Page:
Castillo adjusting to new spot on depth chart

Former starting catcher for Cubs now No. 3 behind starter Montero, veteran Ross

Castillo adjusting to new spot on depth chart

MESA, Ariz. -- Welington Castillo will be behind the plate Thursday in Scottsdale, Ariz., in one of the Cubs' split-squad games. Where he'll be when the season opens is to be determined.

After two seasons as the starting catcher, Castillo, 27, finds himself No. 3 on the depth chart behind Miguel Montero, 31, and David Ross, 37. Manager Joe Maddon says the Cubs can carry three catchers, and Castillo gives them insurance.

"Honestly, I want to be the guy, that's my goal," Castillo said Wednesday. "I want to play every day, but what can I do? That kind of stuff is out of my hands. All I can do is play and try everything I can to help my team win. That's all I can control.

"I know I can catch every day, I know I can perform better if I play every day, but I can't control that. Honestly, I don't think about it, because I know I have a lot to prove, and I know if I get my playing time, I'll do my thing. The only thing I can control is to do my best when they put me in the lineup."

The Cubs were encouraged by Castillo's progress when he batted .288 after the All-Star break in 2013. But last season, he batted .237 and was slowed by a left rib-cage injury.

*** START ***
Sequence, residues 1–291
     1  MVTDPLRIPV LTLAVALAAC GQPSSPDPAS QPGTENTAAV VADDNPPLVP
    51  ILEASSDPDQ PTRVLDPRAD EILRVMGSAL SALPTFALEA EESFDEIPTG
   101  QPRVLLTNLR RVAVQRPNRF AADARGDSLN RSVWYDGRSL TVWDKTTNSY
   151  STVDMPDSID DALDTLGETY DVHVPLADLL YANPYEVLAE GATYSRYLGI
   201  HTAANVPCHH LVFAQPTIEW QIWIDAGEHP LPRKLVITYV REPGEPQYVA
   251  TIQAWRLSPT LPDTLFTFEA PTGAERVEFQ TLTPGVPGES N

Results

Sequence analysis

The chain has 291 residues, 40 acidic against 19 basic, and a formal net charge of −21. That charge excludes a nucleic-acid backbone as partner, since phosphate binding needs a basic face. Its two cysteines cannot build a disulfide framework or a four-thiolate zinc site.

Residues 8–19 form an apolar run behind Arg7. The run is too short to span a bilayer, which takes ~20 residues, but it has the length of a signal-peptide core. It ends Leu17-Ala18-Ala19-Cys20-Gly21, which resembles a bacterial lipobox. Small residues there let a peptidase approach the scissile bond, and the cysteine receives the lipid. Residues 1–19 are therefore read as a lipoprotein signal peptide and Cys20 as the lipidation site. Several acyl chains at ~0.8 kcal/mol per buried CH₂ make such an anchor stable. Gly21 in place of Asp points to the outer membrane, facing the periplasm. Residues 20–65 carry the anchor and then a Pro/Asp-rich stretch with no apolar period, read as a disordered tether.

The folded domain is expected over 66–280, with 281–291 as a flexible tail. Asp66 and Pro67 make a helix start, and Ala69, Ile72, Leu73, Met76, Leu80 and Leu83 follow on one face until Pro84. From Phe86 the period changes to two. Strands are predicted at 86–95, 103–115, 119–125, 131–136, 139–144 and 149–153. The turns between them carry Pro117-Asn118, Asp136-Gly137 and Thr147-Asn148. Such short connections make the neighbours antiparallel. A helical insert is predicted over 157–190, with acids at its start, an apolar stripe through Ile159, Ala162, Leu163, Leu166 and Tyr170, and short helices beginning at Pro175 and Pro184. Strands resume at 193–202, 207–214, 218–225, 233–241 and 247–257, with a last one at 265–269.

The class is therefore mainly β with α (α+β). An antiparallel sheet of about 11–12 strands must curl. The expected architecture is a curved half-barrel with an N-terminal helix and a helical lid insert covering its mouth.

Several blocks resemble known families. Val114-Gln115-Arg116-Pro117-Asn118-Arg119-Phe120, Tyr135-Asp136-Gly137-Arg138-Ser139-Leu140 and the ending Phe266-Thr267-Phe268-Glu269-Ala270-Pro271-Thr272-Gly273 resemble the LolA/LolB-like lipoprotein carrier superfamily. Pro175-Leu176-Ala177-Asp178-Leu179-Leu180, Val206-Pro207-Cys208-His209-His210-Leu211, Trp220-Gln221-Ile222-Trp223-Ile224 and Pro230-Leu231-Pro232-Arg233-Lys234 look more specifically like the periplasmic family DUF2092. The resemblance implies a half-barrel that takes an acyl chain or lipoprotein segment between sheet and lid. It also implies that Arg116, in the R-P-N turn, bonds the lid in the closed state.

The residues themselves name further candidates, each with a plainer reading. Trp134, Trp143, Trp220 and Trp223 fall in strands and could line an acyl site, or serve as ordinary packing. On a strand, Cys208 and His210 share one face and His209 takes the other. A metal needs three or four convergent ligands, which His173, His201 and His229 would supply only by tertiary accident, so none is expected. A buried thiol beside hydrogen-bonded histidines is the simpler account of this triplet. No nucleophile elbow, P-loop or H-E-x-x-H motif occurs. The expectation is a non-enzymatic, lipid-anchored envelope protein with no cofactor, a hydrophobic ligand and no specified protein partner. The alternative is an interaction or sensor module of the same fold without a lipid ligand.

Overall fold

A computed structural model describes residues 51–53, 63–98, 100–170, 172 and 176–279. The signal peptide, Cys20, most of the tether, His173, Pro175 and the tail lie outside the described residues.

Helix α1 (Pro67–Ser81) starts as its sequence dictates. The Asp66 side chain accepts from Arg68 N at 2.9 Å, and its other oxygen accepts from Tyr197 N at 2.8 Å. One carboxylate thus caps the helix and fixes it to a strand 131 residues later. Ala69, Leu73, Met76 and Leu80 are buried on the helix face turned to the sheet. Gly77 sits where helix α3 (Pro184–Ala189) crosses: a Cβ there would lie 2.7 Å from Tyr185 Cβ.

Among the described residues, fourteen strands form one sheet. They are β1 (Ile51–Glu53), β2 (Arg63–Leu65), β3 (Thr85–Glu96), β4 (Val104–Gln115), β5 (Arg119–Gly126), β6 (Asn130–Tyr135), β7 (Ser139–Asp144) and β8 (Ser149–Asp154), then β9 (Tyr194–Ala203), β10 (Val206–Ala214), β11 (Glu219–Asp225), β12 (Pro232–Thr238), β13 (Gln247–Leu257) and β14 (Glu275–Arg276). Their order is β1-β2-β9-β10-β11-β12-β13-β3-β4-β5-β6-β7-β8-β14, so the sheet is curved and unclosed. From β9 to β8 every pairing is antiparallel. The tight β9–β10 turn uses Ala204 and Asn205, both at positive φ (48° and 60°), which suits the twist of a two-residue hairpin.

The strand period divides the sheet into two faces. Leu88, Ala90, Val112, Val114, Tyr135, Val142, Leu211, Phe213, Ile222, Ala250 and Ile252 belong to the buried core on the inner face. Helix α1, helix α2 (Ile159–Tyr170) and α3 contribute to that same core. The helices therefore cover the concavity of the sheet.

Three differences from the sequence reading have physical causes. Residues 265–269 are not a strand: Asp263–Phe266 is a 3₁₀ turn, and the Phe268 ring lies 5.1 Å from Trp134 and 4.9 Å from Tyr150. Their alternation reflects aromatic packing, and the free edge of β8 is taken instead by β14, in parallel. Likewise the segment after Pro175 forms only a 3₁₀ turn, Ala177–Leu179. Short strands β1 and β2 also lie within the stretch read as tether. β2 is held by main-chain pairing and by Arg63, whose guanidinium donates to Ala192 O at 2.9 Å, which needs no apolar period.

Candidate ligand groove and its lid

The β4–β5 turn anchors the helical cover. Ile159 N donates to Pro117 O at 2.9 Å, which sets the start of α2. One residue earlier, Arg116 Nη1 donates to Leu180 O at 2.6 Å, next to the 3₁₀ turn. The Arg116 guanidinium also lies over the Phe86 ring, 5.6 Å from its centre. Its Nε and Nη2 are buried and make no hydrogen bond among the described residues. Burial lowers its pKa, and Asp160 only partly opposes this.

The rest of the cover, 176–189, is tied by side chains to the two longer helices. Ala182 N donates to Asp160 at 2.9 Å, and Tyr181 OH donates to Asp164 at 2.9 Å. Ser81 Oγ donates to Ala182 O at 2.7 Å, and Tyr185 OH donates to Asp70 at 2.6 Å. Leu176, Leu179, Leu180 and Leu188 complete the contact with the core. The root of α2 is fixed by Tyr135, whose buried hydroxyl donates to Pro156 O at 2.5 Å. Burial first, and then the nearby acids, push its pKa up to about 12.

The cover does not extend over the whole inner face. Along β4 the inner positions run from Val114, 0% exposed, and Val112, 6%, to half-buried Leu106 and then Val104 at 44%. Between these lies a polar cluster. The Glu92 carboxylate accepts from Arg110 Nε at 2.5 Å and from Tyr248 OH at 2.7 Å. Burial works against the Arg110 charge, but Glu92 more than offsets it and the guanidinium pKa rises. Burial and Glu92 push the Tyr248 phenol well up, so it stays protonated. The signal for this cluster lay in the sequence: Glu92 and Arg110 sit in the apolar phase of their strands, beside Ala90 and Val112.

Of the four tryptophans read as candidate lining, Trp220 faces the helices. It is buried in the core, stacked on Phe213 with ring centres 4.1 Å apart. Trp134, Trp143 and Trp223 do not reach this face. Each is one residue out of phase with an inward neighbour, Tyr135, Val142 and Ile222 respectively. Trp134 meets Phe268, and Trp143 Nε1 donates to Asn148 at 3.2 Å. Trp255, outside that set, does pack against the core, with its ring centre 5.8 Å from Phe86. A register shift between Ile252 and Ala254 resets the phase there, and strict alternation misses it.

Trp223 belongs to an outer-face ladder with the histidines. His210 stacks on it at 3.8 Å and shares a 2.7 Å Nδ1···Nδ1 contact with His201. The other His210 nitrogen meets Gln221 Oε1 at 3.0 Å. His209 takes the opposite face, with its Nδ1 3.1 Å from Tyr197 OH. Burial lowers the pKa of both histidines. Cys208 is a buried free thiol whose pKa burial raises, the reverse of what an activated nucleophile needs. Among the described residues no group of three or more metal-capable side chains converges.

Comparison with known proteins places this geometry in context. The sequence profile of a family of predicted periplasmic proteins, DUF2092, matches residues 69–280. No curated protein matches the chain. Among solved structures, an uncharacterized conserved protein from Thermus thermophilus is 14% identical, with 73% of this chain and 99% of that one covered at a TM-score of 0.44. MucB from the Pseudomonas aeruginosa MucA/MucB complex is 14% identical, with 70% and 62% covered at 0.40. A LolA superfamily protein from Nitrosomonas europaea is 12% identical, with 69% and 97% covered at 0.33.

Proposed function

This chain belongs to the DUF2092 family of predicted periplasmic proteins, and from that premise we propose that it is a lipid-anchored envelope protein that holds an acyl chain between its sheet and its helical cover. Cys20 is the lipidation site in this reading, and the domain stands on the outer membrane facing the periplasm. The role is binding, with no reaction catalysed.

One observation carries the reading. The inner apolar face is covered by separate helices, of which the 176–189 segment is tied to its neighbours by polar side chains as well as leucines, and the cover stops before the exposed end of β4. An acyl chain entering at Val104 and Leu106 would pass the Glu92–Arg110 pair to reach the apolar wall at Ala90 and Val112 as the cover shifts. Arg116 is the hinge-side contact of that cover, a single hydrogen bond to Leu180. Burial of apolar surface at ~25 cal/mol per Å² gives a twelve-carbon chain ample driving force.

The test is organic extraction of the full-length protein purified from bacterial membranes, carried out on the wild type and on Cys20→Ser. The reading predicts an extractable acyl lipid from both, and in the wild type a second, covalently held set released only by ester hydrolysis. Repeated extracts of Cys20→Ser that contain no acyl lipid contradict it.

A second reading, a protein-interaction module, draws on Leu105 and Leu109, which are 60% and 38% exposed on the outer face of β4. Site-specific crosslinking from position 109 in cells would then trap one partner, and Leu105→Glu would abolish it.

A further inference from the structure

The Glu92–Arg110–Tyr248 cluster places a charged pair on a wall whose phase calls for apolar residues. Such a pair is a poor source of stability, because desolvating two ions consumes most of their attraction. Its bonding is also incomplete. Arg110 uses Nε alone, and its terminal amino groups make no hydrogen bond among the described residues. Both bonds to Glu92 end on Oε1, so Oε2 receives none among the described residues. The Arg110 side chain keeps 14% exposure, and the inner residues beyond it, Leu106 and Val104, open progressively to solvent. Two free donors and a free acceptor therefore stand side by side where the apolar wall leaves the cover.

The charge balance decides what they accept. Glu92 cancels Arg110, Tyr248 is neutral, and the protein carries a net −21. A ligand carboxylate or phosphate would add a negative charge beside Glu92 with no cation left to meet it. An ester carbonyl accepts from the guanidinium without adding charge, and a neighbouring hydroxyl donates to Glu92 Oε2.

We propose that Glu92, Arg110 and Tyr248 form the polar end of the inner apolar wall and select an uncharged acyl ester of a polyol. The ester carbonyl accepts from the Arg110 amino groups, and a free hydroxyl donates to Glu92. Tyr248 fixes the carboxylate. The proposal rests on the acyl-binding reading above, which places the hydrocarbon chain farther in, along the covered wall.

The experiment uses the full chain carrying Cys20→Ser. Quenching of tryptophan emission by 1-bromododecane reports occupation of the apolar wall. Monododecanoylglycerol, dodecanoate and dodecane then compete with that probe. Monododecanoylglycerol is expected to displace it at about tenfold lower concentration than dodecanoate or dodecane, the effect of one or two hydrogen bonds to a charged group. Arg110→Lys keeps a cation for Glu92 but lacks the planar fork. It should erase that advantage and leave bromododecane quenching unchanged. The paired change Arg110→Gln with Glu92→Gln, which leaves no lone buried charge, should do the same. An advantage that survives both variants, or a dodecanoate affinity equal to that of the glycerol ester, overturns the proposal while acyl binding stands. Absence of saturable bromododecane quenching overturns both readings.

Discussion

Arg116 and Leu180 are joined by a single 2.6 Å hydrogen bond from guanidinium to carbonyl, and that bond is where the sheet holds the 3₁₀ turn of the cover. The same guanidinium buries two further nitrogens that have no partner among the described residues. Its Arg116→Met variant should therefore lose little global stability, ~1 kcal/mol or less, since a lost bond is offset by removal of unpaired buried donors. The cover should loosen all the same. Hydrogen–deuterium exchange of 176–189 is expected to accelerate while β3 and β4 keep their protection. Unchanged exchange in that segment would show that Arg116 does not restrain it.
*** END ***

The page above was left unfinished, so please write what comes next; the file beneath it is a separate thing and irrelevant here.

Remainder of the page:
"God will decide what to do," Castillo said. "I'm here for whatever they want me to do. If I have to back up somebody, that's what I'll do because it's my job. If they want me to play every day, I'll play every day. I just want to do everything I can to help my team and be a good teammate."

He literally got a wake-up call earlier this week when pitcher Kyle Hendricks plunked him on the left side during live batting practice. Castillo was just happy it wasn't hard-throwing Pedro Strop or Hector Rondon who hit him.

"Everybody said, 'Oh, [Hendricks] doesn't throw that hard,'" Castillo said of the ribbing he took. "I was just seeing pitches, and all of a sudden, I see the ball on top of me. It got me good. That's all right. I know he didn't do it on purpose."

It was a good lesson.

"That made me think you cannot be sleeping at the plate -- just be ready," Castillo said. "It can happen to anybody."

Carrie Muskat is a reporter for MLB.com. She writes a blog, Muskat Ramblings, and you can follow her on Twitter @CarrieMuskat. This story was not subject to the approval of Major League Baseball or its clubs.